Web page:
I grew up in the postwar era that saw an explosion of consumer capitalism. Mass-produced consumer products, from suburban tract houses and cars to frozen TV dinners to eat in front of the TV sets suddenly appearing in every household, advertised the newly expanding middle-class. The GI bill afforded men (and women), who had missed out on higher education while serving their country, the opportunity to catch up. Education was the guaranteed path to social mobility. 

I was born into a working-class family. We did not participate in this new wave of material and social advancement. We remained non-unionized working-class renters.  My father always drove an older used car, which he constantly repaired himself. Color televisions remained too expensive. We never went on vacation. A better-off relative usually paid for the extras, as well as some necessities, that I and my sister received. 

I took the Iowa Test in third grade, and discovered I was bright, very bright. In high school my IQ score ranked me at “near-genius” level. I loved school and was an A student. My parents and I saw that education was clearly my path to a brighter, non-working-class future. 

So, that is the path I took. I garnered academic awards in high school. I was able to spend a year in West Germany as a high school exchange student. I won a National Merit scholarship. My future looked bright.

But I was taken in completely by the myth. I returned from a year in West Germany living with an upper middle-class family, which gave me a different perspective on my family’s social class. My access to higher education would allow me to move on and away from that. My passion was for foreign languages and literature. I entered college with a proficiency in German other undergraduates would only attain through classroom learning by the end of their senior year. At the recommendation of my high school German teacher, I had applied to Middlebury College in Vermont. It had the reputation as the best school for undergraduate training in foreign languages. I was accepted. But the financial aid package I was offered, including two scholarships, work-study, and student loans, still did not come close to covering the cost for me to attend Middlebury. I had to decline the offer. Only many years later would a former professor of mine tell me that this was a common practice among private colleges – to accept poor students in the full knowledge they would not be able to afford to attend. Later I also came to understand that a degree from Middlebury almost assuredly would have opened the doors to an Ivy League education for me, which would have gained me access to the privileged world reserved for the entitled few.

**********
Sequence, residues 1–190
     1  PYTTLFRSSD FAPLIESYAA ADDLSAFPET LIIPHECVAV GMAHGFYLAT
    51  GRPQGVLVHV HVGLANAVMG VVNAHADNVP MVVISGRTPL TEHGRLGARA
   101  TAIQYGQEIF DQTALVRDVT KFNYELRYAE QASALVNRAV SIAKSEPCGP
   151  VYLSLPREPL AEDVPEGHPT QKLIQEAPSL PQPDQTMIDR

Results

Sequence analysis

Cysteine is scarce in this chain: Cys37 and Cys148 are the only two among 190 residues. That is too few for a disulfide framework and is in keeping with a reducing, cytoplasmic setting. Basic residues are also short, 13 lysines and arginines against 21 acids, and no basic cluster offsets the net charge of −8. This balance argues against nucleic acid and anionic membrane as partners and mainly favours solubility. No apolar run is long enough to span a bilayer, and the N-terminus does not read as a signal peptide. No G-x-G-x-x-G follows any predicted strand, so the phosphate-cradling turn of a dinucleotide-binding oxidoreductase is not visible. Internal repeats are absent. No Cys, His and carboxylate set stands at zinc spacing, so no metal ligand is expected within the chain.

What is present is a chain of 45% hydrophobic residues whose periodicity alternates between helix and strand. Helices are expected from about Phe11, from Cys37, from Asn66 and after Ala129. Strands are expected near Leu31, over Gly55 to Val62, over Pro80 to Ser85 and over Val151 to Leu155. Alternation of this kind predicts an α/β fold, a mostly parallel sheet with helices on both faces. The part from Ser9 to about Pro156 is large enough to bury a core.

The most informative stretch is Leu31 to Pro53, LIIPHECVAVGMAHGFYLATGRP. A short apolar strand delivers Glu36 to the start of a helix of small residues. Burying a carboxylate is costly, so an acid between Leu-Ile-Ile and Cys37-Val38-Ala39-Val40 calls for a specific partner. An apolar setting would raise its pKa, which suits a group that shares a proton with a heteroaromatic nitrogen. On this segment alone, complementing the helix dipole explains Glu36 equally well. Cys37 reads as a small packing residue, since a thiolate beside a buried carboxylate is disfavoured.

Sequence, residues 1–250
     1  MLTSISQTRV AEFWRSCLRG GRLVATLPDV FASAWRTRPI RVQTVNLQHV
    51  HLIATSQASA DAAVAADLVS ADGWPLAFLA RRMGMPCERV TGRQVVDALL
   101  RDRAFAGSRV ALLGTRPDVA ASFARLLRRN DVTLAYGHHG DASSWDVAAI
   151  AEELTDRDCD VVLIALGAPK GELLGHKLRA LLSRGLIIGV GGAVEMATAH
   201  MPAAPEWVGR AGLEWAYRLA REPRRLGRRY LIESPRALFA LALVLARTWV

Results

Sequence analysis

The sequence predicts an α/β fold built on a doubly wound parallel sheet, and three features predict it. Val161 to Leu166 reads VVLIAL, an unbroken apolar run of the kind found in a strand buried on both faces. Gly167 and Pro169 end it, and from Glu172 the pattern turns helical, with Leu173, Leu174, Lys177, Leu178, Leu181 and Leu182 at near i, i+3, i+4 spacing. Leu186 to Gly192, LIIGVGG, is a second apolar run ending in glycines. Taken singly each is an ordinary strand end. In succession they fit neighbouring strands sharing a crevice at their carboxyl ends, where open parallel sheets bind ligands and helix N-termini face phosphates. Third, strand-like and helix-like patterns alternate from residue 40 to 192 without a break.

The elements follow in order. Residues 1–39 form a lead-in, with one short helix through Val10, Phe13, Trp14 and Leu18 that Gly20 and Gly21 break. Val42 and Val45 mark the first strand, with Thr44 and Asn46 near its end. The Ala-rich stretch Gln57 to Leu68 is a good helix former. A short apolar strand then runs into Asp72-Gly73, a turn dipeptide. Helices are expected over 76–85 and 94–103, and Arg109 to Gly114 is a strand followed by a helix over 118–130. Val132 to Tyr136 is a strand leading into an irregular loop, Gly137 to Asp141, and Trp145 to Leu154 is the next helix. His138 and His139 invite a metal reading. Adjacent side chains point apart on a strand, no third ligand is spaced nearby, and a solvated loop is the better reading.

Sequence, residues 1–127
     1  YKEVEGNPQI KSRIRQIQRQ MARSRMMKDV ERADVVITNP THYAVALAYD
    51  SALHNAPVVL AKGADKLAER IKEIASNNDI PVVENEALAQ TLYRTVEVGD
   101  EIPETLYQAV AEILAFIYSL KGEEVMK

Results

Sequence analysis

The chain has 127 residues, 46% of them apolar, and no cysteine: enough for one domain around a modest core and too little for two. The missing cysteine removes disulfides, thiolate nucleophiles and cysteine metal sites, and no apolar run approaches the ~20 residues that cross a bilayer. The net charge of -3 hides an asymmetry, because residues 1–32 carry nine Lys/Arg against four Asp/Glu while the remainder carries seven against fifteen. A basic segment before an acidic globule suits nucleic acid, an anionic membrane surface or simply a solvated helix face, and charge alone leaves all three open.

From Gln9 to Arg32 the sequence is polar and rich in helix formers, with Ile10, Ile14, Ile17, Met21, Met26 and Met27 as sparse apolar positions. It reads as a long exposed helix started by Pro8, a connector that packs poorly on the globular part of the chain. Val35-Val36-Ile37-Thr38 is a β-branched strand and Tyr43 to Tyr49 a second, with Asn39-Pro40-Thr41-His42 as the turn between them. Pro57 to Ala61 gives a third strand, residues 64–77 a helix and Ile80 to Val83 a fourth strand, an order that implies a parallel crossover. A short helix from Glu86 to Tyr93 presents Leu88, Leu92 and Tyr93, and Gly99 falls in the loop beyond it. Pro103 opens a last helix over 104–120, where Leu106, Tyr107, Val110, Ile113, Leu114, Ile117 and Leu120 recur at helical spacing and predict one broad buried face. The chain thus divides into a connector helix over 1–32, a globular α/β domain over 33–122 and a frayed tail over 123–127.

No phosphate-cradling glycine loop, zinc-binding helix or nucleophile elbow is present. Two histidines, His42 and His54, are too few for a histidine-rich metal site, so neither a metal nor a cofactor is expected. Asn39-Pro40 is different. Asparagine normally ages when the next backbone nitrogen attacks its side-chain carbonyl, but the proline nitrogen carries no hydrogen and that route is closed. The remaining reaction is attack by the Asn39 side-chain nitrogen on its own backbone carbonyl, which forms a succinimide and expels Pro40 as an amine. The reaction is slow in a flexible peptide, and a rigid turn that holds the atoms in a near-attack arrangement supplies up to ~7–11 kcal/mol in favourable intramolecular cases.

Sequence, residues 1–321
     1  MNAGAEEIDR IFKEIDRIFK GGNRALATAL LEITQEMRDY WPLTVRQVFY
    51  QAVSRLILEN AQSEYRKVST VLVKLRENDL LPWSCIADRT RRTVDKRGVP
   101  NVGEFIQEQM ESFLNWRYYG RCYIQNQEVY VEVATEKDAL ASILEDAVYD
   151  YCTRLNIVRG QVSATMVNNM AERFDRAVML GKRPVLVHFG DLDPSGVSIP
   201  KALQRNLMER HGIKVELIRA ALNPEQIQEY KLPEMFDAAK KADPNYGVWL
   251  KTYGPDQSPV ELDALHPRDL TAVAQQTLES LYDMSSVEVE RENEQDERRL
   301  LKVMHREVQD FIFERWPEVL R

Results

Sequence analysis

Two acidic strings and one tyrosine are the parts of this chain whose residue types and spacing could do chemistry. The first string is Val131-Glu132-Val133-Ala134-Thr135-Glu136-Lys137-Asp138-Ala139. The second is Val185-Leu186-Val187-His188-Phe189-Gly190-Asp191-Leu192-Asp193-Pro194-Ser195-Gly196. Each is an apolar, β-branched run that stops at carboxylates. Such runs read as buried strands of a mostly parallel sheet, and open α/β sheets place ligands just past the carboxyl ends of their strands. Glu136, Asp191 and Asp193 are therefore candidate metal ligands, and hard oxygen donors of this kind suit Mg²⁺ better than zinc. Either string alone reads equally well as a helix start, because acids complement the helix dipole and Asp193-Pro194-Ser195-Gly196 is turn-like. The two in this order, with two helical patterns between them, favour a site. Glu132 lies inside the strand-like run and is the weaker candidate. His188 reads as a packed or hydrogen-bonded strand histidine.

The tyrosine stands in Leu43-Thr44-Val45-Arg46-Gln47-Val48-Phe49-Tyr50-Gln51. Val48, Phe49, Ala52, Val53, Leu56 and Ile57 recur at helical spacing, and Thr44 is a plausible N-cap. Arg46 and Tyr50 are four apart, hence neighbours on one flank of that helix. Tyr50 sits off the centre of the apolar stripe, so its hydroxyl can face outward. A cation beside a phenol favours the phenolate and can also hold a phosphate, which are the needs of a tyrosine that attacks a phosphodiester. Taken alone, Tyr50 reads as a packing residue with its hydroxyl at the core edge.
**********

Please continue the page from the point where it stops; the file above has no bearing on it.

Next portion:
I chose to go to SUNY Albany. Although I had two scholarships, I quickly found out I also needed to work part-time to make ends meet. It was the best place a working-class boy could hope to go to. At the time it was the flagship school of the SUNY system and was informally known as the “Berkeley of the East.” 

I came out shortly after the Stonewall riots. Navigating homophobic society as an openly gay man was challenging. Navigating academe as a working-class academic, another world where I was unwelcome, was complicated by my homosexuality. As my personality, proclivities, interests and involvements, both personal and professional, took shape, I found myself an eccentric “bohemian.” Academia, it seemed, would allow me the space to be myself.